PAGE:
The Whitney Museum of American Art has often been referred to a citadel of American Art, partially due to the museums façade, a striking granite building (Figure 1), designed by Bauhaus trained architect Marcel Breuer. The museum perpetuates this reference through its biennial review of contemporary American Art, which the Whitney has become most famous for. The biennial has become since its inception a measure of the state of contemporary art in America today. Since the Museum's opening in 1931, the collection has grown to more than 12,000 paintings, sculptures, prints, drawings, and photographs, representing nearly 2,000 individual artists and providing the most complete overview of twentieth-century American art of any museum in the world. The collection is also recognized for its in-depth commitment to a number of key artists. From the first half of the century, such seminal figures as Edward Hopper, Alexander Calder, Reginald Marsh, and Stuart Davis are richly represented. In the latter half of the century, the Museum has committed considerable resources toward acquiring a large body of works by Louise Nevelson, Agnes Martin, Claes Oldenburg, Alex Katz, Ad Reinhardt, and others. The Museum's recent decision to dedicate two entire floors to the display of the Permanent Collection reaffirms the collection's central role in the Whitney Museum experience. This reflects the Whitney's desire to remain as an authority on Contemporary American Art by devoting the remaining floors to changing shows, such as the recent Cy Twombly exhibition (Figure 2) and Tim Hawkinson's first major in depth museum retrospective. The Whitney Biennial held its first show in 1932, by the 1960's the biennial is quoted by Therese Schwartz in Nirvana Takes a Holiday as, "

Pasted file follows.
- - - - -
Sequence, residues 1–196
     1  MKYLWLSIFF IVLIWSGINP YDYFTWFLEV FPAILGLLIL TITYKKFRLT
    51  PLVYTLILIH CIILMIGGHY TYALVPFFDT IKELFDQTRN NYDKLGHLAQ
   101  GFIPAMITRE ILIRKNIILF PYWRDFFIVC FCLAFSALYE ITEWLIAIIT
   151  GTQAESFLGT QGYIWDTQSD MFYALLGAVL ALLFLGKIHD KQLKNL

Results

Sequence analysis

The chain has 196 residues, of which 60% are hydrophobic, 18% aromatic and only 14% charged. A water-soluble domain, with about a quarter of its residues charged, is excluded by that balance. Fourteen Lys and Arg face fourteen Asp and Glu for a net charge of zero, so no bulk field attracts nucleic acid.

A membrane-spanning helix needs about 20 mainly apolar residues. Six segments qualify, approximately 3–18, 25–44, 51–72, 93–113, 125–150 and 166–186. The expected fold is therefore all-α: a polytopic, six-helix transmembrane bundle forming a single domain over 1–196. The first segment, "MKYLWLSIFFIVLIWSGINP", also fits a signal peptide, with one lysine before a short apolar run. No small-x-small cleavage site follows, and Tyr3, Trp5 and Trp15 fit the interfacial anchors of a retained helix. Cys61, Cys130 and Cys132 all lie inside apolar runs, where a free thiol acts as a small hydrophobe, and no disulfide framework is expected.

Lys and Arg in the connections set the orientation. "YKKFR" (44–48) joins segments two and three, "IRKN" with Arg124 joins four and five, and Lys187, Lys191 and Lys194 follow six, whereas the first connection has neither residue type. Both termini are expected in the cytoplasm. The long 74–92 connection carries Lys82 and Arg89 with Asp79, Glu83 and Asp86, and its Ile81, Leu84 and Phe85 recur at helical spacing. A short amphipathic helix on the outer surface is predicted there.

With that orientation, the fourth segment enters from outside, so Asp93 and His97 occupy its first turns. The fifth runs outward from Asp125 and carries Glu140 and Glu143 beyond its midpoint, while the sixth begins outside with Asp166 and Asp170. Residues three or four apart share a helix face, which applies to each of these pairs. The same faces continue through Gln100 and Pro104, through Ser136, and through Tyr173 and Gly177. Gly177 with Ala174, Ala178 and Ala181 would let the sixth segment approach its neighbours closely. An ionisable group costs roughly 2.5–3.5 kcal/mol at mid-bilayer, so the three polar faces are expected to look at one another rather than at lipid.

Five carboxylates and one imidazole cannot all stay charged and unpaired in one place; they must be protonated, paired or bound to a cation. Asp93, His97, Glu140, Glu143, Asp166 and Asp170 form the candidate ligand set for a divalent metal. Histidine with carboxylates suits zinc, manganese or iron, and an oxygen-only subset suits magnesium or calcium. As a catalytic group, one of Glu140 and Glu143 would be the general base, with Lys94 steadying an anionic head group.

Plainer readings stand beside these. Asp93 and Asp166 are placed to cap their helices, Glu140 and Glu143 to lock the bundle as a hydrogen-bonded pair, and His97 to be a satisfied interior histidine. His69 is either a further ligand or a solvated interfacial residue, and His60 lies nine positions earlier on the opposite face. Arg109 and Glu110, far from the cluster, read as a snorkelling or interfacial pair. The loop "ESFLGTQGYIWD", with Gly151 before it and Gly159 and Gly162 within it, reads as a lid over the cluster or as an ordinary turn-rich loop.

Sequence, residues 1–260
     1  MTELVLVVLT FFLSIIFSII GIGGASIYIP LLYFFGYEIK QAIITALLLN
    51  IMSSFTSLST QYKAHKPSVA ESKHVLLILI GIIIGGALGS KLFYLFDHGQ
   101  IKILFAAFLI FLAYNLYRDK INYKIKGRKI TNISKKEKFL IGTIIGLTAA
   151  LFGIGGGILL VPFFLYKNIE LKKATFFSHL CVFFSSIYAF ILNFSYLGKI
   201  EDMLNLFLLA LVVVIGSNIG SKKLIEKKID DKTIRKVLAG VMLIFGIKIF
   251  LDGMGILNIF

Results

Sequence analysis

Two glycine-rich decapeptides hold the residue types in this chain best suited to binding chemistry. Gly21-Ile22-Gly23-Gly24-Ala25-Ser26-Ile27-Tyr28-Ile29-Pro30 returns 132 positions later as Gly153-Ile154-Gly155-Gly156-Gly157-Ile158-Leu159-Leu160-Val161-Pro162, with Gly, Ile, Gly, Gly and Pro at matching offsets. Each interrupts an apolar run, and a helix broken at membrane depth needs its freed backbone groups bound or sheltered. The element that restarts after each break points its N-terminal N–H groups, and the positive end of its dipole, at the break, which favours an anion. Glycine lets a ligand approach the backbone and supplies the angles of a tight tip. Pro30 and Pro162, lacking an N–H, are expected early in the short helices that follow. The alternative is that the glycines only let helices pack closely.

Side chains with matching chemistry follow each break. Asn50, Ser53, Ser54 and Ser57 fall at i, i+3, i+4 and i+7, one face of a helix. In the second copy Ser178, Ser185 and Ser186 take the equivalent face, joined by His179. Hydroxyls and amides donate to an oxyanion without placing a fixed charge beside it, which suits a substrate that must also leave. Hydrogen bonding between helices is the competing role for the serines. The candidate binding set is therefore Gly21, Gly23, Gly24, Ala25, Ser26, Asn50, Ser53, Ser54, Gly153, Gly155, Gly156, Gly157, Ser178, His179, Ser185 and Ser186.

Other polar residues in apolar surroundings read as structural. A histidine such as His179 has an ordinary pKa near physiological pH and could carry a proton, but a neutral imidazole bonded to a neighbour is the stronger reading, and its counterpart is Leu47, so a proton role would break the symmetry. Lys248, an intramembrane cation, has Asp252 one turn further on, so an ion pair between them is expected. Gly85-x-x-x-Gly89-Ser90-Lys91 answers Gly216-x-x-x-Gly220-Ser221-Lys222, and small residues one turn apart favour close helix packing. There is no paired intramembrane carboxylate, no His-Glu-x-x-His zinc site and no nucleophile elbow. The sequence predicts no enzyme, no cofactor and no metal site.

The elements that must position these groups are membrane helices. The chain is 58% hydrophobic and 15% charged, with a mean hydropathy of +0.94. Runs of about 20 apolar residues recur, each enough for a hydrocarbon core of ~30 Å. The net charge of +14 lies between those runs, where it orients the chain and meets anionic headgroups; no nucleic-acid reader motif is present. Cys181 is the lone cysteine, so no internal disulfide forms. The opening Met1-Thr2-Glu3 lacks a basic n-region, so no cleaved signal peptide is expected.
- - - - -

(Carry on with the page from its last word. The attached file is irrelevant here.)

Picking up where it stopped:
the heaven on earth an artist could enter, after which would follow fame, possibly fortune, and a secure place among the angels." Of course here she is exaggerating to accentuate her point on the importance of the...
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